I had an interesting argument with a friend this morning at church about the protests going on further out on the rim in madison. she's a former union member who's now a member of management and thinks the protestors are overreaching. I disagree. we went back and forth about this for at least 10 minutes while preparing for a church breakfast for the kids and what made the argument interesting is the realization I had as it was winding down that we had arguing past one another at an opponent who was elsewhere.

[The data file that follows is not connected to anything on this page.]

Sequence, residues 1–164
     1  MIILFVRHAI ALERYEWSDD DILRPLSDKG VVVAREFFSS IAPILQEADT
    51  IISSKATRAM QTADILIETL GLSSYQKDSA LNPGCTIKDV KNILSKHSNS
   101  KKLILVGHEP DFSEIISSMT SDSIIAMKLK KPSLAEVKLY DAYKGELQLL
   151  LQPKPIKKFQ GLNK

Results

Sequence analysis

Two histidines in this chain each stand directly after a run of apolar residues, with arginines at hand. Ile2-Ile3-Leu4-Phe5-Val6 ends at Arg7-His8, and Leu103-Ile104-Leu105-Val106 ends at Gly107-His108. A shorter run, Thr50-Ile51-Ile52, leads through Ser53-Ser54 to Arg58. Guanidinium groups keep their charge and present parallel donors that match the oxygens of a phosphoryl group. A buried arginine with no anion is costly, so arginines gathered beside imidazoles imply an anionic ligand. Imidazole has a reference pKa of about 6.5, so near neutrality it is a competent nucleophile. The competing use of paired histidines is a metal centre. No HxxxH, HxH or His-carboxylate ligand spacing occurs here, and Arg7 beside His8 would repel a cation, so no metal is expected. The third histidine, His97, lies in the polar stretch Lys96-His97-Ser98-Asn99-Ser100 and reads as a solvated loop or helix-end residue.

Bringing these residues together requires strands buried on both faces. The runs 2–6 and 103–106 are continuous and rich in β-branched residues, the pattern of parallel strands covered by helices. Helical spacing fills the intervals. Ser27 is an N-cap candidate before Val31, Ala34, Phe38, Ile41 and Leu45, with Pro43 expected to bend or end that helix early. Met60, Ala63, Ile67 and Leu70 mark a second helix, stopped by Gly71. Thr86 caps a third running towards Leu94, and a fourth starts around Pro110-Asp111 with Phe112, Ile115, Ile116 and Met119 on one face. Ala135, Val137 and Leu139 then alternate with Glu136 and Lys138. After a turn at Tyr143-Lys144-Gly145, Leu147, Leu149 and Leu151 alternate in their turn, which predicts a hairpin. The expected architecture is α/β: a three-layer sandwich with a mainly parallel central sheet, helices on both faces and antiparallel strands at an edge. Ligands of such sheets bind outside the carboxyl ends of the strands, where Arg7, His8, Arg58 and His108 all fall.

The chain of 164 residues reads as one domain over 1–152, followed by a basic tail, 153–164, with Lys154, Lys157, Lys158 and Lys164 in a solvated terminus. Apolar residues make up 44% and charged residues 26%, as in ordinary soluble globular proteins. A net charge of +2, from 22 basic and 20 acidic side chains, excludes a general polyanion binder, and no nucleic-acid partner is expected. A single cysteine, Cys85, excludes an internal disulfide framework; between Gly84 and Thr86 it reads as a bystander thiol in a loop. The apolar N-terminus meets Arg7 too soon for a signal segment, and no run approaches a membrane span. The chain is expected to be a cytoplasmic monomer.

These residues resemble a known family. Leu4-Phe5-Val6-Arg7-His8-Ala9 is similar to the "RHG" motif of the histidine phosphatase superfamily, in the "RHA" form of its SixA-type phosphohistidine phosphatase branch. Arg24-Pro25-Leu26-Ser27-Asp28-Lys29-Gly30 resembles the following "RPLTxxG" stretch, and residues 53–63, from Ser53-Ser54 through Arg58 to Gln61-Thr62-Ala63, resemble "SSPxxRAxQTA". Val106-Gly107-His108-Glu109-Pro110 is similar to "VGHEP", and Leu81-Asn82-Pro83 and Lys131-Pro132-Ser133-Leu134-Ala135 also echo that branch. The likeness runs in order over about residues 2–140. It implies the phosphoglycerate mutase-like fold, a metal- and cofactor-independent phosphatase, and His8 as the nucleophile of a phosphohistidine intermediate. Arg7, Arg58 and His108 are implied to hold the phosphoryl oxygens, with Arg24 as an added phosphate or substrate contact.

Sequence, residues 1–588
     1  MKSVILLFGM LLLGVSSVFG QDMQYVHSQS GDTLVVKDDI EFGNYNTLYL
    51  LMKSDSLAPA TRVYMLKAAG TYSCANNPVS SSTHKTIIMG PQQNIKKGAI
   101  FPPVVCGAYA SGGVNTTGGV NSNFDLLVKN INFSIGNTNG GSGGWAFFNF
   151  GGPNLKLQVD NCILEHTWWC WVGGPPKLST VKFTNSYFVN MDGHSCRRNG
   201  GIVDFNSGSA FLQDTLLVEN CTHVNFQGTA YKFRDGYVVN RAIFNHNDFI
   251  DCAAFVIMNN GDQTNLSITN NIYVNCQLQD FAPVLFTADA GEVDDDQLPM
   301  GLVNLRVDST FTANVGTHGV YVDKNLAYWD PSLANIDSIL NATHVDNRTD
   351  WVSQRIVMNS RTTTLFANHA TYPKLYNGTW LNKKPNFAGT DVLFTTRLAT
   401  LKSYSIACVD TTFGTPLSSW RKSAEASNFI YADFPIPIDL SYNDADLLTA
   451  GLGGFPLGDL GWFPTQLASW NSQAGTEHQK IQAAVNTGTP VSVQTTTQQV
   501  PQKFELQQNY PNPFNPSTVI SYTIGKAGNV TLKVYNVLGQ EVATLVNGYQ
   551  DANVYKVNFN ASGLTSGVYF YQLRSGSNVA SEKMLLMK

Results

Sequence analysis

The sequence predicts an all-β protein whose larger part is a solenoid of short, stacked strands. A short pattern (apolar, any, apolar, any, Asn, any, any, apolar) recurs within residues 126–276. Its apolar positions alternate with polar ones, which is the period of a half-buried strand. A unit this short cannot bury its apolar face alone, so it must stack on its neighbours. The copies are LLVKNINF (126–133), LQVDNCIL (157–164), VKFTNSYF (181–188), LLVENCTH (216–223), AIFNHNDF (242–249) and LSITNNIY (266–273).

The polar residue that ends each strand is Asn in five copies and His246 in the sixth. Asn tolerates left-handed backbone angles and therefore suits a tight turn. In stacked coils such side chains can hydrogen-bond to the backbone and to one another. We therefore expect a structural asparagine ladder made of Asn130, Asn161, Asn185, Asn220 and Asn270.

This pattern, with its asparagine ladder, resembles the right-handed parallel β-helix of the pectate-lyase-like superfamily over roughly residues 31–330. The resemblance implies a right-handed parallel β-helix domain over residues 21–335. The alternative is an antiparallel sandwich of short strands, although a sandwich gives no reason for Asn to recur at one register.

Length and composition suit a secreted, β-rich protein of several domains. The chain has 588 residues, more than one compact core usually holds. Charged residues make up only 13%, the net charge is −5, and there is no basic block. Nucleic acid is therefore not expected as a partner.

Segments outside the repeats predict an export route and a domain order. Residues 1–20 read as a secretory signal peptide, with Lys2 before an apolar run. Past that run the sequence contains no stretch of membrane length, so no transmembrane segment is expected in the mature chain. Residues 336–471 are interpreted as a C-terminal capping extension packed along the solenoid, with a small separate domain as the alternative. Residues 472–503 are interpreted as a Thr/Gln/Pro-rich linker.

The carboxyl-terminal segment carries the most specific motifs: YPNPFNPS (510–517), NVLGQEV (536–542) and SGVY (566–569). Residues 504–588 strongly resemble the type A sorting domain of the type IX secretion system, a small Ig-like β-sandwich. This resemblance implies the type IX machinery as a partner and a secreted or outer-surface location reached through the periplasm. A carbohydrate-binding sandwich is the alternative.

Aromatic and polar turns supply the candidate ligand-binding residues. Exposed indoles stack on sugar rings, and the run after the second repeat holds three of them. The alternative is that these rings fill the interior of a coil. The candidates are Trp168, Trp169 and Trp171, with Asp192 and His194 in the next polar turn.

essentially, her argument was that unions make unreasonable demands that hinder efficient operation of a business or an institution. she gave a couple examples from her own workplace. my argument was that those were examples of a poor negotiating team on her side and that it isn't a sufficient reason to eliminate collective bargaining. it was awhile before I realized that neither of us had made the argument the other was responding to: I hadn't said that unions were perfect and she hadn't said bargaining should be eliminated. this is a prime example of the effect that media have on determining the terms of debate between people: what we were arguing against was not what each of us said but what each of us had heard said.